Pat Freiermuth didn’t catch any passes until the final moments when he reeled in two for 41 yards with the Steelers desperately trying to claw their way back from a 23-14 hole. Zach Gentry didn’t receive a single target all night. Grade: C-

Wide Receivers

Rookie George Pickens made the catch of the year when, while falling backward, he reached out with his left hand to snag a pass from Trubisky for a 36-yard gain in the first half. Sadly, Pickens would go on to catch just two more passes for two more yards. Johnson had a decent night, catching eight passes for 84 yards. He may have had an even bigger night had he been able to pull in that aforementioned deep ball from Trubisky late in the third period. Yes, he was covered well on the play and would have had to make a one-handed grab, but he’s the big money man of the receiving corps now and could have helped his quarterback out at that point in a close game. Grade: C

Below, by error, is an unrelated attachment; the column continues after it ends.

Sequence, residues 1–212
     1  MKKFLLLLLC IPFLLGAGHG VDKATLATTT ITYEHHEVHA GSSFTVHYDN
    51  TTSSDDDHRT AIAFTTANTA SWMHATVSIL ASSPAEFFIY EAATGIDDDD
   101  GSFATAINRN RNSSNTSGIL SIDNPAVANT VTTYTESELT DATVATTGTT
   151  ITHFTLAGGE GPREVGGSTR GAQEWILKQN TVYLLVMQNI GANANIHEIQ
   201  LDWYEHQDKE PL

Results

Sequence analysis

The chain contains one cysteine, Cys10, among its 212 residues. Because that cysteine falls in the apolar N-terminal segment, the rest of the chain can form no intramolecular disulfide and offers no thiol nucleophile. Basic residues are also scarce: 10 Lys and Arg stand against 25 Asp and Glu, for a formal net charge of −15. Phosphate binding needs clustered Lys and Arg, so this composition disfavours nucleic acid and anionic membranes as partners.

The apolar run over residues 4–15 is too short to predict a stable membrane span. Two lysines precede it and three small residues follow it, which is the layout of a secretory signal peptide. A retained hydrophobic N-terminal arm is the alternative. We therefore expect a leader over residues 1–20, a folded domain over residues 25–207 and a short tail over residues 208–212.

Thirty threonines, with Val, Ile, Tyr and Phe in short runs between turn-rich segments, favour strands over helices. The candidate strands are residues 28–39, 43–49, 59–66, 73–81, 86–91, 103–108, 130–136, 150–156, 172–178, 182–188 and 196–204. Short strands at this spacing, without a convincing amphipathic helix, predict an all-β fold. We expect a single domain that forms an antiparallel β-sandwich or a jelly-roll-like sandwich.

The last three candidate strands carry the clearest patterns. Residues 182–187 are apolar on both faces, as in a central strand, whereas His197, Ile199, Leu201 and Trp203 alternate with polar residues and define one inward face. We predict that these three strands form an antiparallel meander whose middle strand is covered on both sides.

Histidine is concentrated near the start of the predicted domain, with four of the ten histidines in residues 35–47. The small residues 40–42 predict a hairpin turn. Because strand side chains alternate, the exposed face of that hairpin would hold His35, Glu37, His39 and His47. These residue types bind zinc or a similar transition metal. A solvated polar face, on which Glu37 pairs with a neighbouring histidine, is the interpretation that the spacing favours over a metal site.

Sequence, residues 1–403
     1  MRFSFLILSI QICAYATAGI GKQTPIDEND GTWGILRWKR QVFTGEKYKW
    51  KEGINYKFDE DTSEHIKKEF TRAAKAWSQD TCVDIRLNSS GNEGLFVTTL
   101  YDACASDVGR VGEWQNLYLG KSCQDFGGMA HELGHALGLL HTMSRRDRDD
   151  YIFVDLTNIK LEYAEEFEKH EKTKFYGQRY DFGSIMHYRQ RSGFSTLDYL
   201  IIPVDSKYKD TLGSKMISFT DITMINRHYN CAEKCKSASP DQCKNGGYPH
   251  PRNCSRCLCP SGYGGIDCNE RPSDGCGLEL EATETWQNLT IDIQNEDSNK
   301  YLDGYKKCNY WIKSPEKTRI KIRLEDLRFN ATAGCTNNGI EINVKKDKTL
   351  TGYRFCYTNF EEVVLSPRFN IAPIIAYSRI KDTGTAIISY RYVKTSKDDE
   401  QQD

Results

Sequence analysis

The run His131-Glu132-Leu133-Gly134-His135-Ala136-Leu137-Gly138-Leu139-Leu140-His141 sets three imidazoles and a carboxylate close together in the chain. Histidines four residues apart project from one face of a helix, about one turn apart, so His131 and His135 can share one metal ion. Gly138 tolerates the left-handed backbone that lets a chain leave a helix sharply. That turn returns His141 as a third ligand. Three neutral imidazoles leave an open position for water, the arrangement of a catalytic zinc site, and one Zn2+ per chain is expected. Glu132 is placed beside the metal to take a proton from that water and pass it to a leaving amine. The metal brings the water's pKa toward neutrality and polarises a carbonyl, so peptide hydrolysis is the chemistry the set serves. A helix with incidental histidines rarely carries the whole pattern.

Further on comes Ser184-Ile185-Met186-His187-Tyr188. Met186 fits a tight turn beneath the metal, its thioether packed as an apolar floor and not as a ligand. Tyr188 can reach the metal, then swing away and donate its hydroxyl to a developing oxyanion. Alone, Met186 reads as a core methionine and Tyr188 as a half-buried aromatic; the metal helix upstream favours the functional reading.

Offensive Line

The line played its best game of the 2022 campaign. But even though Trubisky was only sacked once and hit twice, and even though the Steelers rushed for 104 yards on 22 carries for 4.7, the offense was so impotent in the second half that it’s hard to give the unit anything but an average grade. Throw in the critical penalty on Okorafor that wiped on a huge gain, and that hurts the unit’s cause even more. Grade: C

Defensive Line